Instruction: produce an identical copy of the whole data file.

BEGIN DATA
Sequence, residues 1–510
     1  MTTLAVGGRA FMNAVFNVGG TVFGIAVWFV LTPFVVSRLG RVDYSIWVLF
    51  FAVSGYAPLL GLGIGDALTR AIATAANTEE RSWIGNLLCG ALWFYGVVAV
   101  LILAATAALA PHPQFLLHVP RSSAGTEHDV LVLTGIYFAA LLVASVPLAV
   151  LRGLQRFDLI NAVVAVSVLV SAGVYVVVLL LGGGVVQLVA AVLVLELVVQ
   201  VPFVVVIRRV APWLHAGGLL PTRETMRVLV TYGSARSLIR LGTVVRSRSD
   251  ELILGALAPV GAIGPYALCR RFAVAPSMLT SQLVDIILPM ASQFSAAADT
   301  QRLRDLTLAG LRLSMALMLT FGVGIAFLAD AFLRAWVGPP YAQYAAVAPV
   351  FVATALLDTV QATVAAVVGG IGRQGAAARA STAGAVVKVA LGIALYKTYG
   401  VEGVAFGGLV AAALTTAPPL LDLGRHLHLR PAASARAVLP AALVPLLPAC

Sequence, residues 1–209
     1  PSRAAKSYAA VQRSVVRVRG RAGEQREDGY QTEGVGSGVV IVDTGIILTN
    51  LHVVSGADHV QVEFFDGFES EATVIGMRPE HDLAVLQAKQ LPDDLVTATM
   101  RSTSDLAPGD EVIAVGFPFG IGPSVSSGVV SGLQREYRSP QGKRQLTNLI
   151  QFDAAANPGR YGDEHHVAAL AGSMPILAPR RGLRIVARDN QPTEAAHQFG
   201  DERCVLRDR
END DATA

Sequence, residues 1–510
     1  MTTLAVGGRA FMNAVFNVGG TVFGIAVWFV LTPFVVSRLG RVDYSIWVLF
    51  FAVSGYAPLL GLGIGDALTR AIATAANTEE RSWIGNLLCG ALWFYGVVAV
   101  LILAATAALA PHPQFLLHVP RSSAGTEHDV LVLTGIYFAA LLVASVPLAV
   151  LRGLQRFDLI NAVVAVSVLV SAGVYVVVLL LGGGVVQLVA AVLVLELVVQ
   201  VPFVVVIRRV APWLHAGGLL PTRETMRVLV TYGSARSLIR LGTVVRSRSD
   251  ELILGALAPV GAIGPYALCR RFAVAPSMLT SQLVDIILPM ASQFSAAADT
   301  QRLRDLTLAG LRLSMALMLT FGVGIAFLAD AFLRAWVGPP YAQYAAVAPV
   351  FVATALLDTV QATVAAVVGG IGRQGAAARA STAGAVVKVA LGIALYKTYG
   401  VEGVAFGGLV AAALTTAPPL LDLGRHLHLR PAASARAVLP AALVPLLPAC

Sequence, residues 1–209
     1  PSRAAKSYAA VQRSVVRVRG RAGEQREDGY QTEGVGSGVV IVDTGIILTN
    51  LHVVSGADHV QVEFFDGFES EATVIGMRPE HDLAVLQAKQ LPDDLVTATM
   101  RSTSDLAPGD EVIAVGFPFG IGPSVSSGVV SGLQREYRSP QGKRQLTNLI
   151  QFDAAANPGR YGDEHHVAAL AGSMPILAPR RGLRIVARDN QPTEAAHQFG
   201  DERCVLRDR